I think we all know that for the vast majority of Ontario residents and those watching and listening today, a purchase of a home is probably the largest purchase they'll make in their lifetime, and a mortgage is the greatest debt they will take on in a lifetime. When making that kind of very important decision as an individual, as a couple or as a family, knowing the relationship a mortgage broker has with the various companies -- his or her incentives -- and lending firms is important. Therefore, I had hoped that amendment would go through as part of the bill. But I was pleased to see a lot of similar concepts in the proposed regulations that are before us today.

I had also offered a slightly different approach to duty of disclosure in one of my other amendments which wasn't as prescriptive. It left aspects to regulation. Again, it unfortunately did not pass, but I do see that, in many senses, its spirit lived on. Can I at least say that? The spirit of my amendment passed. Amen.

This was the one I originally crafted that passed. We changed the language somewhat. We're always pleased to see it when this happens -- that an opposition amendment becomes part of the bill. My original amendment was to subsection 44(1) of the bill, which is a prohibition on false or deceptive information. It read as follows:

No licensee "shall give, assist in giving or induce or counsel another person ... to give or assist in giving any false or deceptive information or document when ... dealing in mortgages ... trading in mortgages ... carrying on business as a mortgage lender ... or administering mortgages."

Again, I want to thank Mr. Silverstein for his advice on that and the companion motion that amended paragraph 9 of 47(1) and subsection 44(1), which prohibit false or deceptive information. We did work with Mr. Lofsky and Mr. Arthurs, ensuring that the bill would be amended in that way. We're always appreciative of that. I don't need to dwell on it much more, because I am going to get to the changing of the title of the act later, which I still hope -- can we amend it in third reading? Mr. Speaker, can we amend the bill in third reading if we have all-party support?

The Deputy Speaker: It's my understanding that you can do almost anything if you have unanimous consent, but there are some things that you can't do, and the Clerk's going to help me on that one right now.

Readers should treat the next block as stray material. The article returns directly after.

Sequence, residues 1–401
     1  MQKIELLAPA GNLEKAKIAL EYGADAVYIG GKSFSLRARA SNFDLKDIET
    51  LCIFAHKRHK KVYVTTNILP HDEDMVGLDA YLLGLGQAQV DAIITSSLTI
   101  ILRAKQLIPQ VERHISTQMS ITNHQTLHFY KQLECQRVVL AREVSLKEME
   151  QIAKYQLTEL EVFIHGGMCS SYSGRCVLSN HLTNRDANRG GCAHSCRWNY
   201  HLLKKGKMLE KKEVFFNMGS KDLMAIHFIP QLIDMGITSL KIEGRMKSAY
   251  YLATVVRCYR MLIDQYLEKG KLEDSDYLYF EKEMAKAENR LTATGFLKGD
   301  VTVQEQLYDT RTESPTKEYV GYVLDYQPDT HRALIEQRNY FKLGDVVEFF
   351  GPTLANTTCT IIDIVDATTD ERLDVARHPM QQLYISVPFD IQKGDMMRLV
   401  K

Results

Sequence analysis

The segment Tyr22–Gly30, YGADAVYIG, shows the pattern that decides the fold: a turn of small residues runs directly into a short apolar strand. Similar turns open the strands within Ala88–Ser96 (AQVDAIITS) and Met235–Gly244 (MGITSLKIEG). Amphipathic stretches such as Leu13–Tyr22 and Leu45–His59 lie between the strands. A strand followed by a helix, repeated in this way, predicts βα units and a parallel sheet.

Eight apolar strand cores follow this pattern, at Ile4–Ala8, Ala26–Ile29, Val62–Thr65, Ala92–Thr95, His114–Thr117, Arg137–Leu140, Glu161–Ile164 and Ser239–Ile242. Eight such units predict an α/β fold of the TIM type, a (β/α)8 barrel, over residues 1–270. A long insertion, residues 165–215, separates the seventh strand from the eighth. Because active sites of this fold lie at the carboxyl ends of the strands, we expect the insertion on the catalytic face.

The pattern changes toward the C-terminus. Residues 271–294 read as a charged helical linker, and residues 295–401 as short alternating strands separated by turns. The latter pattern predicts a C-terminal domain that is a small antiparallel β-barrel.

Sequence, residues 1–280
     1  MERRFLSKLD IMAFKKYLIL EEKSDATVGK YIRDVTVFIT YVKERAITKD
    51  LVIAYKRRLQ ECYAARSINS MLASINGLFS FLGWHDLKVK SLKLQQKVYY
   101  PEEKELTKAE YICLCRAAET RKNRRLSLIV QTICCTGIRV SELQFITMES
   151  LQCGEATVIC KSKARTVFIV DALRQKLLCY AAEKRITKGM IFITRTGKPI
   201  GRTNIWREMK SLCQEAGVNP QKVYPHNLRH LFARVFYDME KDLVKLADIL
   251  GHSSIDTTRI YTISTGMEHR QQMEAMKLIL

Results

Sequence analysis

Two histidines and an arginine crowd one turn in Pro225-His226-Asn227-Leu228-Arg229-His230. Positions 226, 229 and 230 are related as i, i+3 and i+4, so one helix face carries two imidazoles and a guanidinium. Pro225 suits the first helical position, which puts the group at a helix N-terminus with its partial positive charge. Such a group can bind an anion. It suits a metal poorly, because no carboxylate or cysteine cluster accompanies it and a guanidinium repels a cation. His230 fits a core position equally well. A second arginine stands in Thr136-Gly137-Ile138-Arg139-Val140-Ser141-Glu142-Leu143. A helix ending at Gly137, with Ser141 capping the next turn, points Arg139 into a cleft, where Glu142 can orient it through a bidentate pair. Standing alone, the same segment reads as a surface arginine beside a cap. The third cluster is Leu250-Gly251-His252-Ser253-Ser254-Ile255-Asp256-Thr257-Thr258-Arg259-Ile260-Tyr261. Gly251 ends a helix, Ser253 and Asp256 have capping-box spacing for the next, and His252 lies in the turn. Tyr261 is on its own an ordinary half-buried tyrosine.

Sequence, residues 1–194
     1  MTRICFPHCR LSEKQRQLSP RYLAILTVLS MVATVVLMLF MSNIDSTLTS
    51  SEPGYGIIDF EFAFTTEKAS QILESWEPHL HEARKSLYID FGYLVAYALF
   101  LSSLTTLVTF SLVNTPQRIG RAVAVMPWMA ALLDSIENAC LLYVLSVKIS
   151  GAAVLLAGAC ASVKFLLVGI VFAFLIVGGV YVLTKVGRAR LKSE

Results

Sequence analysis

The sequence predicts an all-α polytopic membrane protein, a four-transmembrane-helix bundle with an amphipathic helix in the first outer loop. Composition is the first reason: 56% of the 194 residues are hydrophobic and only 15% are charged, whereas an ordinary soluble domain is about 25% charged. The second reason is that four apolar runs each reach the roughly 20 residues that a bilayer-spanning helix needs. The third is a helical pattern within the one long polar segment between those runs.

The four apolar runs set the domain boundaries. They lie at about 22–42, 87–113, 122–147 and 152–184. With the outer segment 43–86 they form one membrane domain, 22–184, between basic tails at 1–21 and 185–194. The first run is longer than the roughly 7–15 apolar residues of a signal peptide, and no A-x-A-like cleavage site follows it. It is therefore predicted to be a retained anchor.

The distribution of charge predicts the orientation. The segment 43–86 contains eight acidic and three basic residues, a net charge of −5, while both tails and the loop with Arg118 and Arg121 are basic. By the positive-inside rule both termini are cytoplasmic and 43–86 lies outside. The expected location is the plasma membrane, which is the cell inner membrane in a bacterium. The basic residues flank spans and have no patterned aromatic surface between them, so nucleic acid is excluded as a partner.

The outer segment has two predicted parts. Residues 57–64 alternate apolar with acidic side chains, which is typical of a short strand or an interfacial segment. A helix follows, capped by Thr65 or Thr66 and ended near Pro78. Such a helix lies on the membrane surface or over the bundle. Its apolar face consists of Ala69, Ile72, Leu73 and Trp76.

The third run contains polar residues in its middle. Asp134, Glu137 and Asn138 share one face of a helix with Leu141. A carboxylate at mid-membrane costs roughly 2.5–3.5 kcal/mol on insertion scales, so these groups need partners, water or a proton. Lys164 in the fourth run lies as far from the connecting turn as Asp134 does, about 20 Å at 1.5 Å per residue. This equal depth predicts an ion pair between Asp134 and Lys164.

You have to refer it back to the committee. I knew that, but I just left that out.

Mr. Hudak: Thank you, Mr. Speaker. I appreciate that.

So we have the opportunity to refer this bill back to the finance committee. Mr. Hoy from the Chatham-Kent area is Chair, as a matter of fact. It would be a simple amendment.

All right, I'll skip right to it. I will end the drama and the suspense right now and I'll move immediately to this particular amendment, because I know my colleague the Minister for Public Infrastructure Renewal will be very interested in this one, section 66 of the bill, which is the short title. In committee I moved that section 66 of the bill be struck out and the following substituted:

"Short title

"66. The short title of this act is the Arthur Lofsky Act...."

Hon. Mr. Caplan: I like it.

Mr. Hudak: See? I thought the Minister of Public Infrastructure Renewal would like it.

Hon. Mr. Caplan: That's my constituent.

Mr. Hudak: Oh, yes. Mr. Lofsky's father lives in the riding of Don Valley East.

Hon. Mr. Caplan: Do you want the address?

Mr. Hudak: We don't need the address for Hansard, but maybe Mr. Lofsky senior --

Hon. Mr. Caplan: Doctor.

Mr. Hudak: -- Dr. Lofsky will lobby his member, the member for Don Valley East and the Minister for Public Infrastructure Renewal, to support my amendment. Of course, thanks to the advice of the Speaker, we'd have to take that back to committee to make that change, but I'm just sensing that kind of tripartisanship here this evening in favour of Mr. Lofsky.

We did move this forward a bit tongue-in-cheek, but I do want to commend Mr. Lofsky and his colleague, Sarah Hanafy, for their work on this bill and working with the opposition. I've never quite figured out who is the superior in the offices -- Ms. Hanafy, I'm getting the signal. So Mr. Lofsky reports to Ms. Hanafy. That's probably why this was killed. Sarah Hanafy brought the hammer down and she said that we can't do the Lofsky act. I understand. So maybe at committee I'll move forward an amendment that would call it the Sarah Hanafy and Arthur Lofsky Act in return.

I seek all-party support, unanimous consent, to send this bill back to committee to change the title of the act to the Sarah Hanafy and Arthur Lofsky Act. Do I have unanimous consent?